Global Markets Weekly Update

Global Markets Weekly Update

Review the performance of global stock and bond markets over the past week, along with relevant insights from T. Rowe Price economists and investment professionals.

 

U.S.

Large-cap indexes reach new highs

Stocks rose for the week. The Dow Jones Industrial Average and the S&P 500 Index were the only benchmarks to touch new intraday highs, but the technology-heavy Nasdaq Composite performed best for the week. Trading volumes were generally subdued through Thursday as investors awaited the start of earnings reporting season, which kicked off Friday with the release of second-quarter results from several major banks. Stocks rallied into the close of the week, which some attributed to hopes for a repeat of the previous quarter’s upward earnings surprises.

Markets were generally flat early in the week, with the S&P 500 suffering only a brief sell-off on Tuesday morning after President Trump’s son released emails showing that he had had contact with a Russian lawyer before the election. Politics were also in focus in terms of the Republican health care bill. T. Rowe Price traders noted that the announcement later Tuesday that the Senate was delaying its August recess to deal with health care helped the market recover from the email revelations.

Markets rise on Yellen's dovish tone

Attention on Wednesday shifted to the Federal Reserve. Fed Chair Janet Yellen’s semiannual testimony before Congress struck a generally dovish tone, according to the firm’s traders. Yellen signaled that the Fed was in no rush to tighten monetary policy, and offered reassurances on the current state of the economy. Investors may also have been relieved that she avoided repeating the reference she had made in late June to asset prices as being "somewhat rich."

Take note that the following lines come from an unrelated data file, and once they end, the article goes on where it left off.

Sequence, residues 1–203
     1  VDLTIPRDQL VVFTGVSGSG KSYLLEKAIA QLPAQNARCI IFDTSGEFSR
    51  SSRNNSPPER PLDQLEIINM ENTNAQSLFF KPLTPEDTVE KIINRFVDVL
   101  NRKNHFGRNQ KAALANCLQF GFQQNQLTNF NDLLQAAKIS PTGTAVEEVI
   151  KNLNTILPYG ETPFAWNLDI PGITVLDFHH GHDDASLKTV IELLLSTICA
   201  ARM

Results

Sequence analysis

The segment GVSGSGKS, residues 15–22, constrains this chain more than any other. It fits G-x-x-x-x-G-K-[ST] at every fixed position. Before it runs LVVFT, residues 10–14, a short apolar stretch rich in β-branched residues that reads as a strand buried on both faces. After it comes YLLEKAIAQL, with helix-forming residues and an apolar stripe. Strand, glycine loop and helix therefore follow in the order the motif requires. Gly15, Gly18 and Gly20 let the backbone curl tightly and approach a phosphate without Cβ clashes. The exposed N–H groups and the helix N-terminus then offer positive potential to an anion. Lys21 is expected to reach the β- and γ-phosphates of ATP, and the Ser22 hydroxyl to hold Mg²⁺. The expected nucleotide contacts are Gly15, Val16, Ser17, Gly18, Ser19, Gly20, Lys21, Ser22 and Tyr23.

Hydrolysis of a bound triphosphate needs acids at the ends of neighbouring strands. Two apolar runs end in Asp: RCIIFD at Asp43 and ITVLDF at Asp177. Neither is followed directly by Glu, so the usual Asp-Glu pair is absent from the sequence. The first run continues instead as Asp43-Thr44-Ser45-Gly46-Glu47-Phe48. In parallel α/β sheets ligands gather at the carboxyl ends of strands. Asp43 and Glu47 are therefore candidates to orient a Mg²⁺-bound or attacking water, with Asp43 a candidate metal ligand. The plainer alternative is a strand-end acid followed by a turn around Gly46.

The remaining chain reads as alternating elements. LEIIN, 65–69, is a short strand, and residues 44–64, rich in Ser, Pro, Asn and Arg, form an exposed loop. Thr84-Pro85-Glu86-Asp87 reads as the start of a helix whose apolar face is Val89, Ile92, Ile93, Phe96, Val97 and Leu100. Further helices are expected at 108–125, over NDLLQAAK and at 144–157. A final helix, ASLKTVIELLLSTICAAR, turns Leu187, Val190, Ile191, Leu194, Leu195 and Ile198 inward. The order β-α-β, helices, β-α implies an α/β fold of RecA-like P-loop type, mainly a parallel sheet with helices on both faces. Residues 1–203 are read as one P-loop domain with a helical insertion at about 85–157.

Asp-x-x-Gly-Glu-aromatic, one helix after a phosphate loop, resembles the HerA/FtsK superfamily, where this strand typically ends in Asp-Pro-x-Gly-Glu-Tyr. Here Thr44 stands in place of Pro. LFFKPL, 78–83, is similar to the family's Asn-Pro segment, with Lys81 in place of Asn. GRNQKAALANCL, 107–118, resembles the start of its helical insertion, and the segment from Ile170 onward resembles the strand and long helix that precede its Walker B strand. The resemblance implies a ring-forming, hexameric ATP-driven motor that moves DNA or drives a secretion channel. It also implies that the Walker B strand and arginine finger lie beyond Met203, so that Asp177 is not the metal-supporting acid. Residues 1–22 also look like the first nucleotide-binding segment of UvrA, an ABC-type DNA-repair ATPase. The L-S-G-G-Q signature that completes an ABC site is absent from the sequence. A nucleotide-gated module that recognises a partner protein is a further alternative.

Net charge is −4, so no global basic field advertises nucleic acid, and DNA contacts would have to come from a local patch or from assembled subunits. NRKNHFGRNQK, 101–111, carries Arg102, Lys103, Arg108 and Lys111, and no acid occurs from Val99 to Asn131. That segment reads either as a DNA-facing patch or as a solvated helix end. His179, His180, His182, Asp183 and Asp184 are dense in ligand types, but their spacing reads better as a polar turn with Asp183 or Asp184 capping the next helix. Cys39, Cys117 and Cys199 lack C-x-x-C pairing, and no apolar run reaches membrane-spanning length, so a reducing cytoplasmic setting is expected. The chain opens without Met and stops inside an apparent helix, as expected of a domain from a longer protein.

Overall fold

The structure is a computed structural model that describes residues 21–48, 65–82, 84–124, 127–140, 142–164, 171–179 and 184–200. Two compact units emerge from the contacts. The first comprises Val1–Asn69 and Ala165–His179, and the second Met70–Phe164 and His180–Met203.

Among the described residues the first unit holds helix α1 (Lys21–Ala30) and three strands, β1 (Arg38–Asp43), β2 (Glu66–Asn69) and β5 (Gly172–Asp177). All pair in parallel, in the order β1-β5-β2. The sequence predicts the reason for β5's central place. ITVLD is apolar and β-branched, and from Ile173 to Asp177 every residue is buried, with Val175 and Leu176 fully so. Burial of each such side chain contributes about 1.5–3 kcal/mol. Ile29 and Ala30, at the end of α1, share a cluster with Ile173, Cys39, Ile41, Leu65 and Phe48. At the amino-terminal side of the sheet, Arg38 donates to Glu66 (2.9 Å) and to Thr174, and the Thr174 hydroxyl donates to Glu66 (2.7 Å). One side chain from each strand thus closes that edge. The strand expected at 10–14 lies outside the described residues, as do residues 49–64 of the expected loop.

The bank earnings released Friday offered both positive and negative surprises, but the group as a whole moved lower in early trading. Disappointing economic data may have been to blame, with retail sales in June falling for the second straight month. Investors may also have been discouraged by continuing weakness in core (less food and energy costs) inflation, which rose only 0.1% for the month. T. Rowe Price Chief U.S. Economist Alan Levenson notes that four consecutive months of subdued core inflation may complicate the Fed’s plans to raise interest rates. Indeed, in her Wednesday testimony, Yellen referred to weak recent inflation readings and stated that “monetary policy is not on a preset course” but that "the Committee will be monitoring inflation developments closely in the months ahead."

Treasury prices rise on soft inflation data

The soft inflation data helped U.S. Treasuries produce positive returns for the week. Municipal bonds also posted positive absolute returns but trailed Treasuries. With a heavy new issuance calendar setting the pace of the week, yields rose along with global rates. The heavy calendar had a spillover impact, increasing activity and demand in the secondary markets.

The investment-grade corporate bond primary calendar was very active early in the week. With U.S. banks slated to begin reporting earnings on Friday, their non-U.S. peers sought to take advantage of the healthy tone and issue bonds in advance of the expected near-term supply increase. The energy sector bounced following recent pressure. Away from financials and energy, technical conditions continued to drive sentiment. Spreads (the additional yield relative to Treasuries of comparable maturities) moved very little during the week.

Stabilizing oil prices help high yield market

The high yield market traded in an orderly fashion as recent weakness seemed to have abated, at least temporarily. Stability in oil prices helped the overall tone of the market given the heavy presence of energy issuers in the segment. However, traders noted that most investors seemed biased toward putting money to work in non-commodity sectors given the recent weakness in oil. New issuance was muted this week, and credit spreads narrowed marginally. Spreads for securitized sectors (residential and commercial mortgage-backed securities, as well asset-backed securities) were all marginally tighter during the week. Issuance of asset-backed securities (bonds backed by assets such as credit card receivables and auto loans) has surged to $129 billion this year, up from $100 billion at this time last year.

U.S. Stocks1

 

Index

Friday’s Close

Week’s Change

% Change YTD

DJIA

21637.74

223.40

9.49%

S&P 500

2459.27

34.09

9.85%

Nasdaq Composite

6312.47

159.39

17.26%

S&P MidCap 400

1765.32

18.98

6.41%

Russell 2000

1428.16